One type of malware gaining in popularity is ransomware. How does it work?
Attackers gain access to your computer when you accidentally download malware, and then they hold your information hostage. The attackers may lock all your files or shut down your entire network, and they will require you to pay them to regain access. If files are important to you, make sure to back them up to external drives or a cloud server.
These attacks often focus on businesses and governments so watch out for suspicious emails at work! If it feels wrong, report it to IT. If you see a suspicious email in your personal account, mark it as spam (if possible) and delete the email without clicking on anything.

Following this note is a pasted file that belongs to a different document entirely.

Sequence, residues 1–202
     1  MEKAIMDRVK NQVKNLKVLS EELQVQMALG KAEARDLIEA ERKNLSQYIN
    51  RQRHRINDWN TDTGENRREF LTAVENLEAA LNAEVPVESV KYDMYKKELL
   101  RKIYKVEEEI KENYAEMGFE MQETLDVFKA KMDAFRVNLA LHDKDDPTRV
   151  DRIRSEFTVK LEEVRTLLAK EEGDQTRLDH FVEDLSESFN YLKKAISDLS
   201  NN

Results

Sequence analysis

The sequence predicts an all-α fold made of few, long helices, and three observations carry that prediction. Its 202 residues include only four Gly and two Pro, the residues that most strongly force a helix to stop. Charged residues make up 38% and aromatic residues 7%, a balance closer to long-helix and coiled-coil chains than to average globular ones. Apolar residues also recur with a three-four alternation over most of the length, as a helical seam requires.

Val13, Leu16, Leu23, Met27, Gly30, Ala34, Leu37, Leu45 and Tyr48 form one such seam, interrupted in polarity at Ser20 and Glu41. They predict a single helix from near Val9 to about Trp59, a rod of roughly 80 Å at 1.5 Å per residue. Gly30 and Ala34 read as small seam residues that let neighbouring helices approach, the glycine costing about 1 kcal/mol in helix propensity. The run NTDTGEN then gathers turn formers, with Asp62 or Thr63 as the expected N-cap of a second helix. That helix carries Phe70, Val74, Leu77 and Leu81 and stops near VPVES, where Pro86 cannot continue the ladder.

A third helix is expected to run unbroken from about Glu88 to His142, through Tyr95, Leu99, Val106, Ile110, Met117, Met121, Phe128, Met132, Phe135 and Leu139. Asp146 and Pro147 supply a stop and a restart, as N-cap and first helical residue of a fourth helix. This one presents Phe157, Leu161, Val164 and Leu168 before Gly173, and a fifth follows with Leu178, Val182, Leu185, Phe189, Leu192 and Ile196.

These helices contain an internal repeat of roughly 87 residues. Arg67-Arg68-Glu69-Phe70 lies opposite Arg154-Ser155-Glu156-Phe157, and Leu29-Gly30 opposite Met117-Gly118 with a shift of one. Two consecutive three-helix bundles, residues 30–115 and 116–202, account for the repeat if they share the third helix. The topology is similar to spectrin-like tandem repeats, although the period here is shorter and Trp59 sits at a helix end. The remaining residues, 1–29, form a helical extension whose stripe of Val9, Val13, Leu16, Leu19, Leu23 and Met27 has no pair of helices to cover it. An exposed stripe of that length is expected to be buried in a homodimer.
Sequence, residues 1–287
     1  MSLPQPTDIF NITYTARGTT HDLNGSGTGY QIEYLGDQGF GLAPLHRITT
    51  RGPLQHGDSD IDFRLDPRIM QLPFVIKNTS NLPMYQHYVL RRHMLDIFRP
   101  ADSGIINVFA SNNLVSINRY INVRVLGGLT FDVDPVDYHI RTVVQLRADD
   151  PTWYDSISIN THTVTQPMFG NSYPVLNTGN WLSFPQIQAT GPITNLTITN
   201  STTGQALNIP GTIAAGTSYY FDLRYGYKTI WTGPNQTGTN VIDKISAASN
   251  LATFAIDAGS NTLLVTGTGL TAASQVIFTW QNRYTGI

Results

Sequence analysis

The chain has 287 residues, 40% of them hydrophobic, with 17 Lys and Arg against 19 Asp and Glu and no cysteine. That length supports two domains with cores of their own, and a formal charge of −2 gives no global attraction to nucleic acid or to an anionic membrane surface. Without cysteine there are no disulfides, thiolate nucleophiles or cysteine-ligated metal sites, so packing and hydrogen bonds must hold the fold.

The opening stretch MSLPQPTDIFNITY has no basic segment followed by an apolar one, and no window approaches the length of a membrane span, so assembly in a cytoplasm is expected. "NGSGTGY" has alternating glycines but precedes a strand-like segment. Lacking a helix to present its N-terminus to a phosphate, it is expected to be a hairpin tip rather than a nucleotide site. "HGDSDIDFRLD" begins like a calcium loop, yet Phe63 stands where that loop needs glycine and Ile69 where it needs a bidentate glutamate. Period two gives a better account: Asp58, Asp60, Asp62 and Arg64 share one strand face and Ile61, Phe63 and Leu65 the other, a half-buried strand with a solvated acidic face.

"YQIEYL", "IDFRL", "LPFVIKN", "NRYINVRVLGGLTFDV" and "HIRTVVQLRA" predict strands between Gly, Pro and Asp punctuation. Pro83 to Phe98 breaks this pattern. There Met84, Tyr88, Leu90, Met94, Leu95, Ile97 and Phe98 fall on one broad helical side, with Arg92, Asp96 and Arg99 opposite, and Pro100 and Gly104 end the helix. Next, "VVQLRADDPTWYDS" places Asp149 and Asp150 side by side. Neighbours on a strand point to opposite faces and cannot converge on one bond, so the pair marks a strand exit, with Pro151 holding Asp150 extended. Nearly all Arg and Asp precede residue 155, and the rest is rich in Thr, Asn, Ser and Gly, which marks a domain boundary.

For those wanting to go more in-depth and build their own ransomware response plan check out IBM’s Definitive guide to ransomware: Readiness, response, and remediation
- Perform a search for ransomware attacks in libraries. How many libraries can you find that have experienced attacks? Start here
- Does your library have a plan in place for a ransomware attack? Connect with your IT department and ask these questions. If no plan exists, try to develop one.
- How will staff be contacted without access to email?
- How will users be notified?
- Does the library have a method to check out materials without access to the ILS?
Regularly update your devices! Updates are often security patches. Your apps and software are only protected when you’re running the latest version.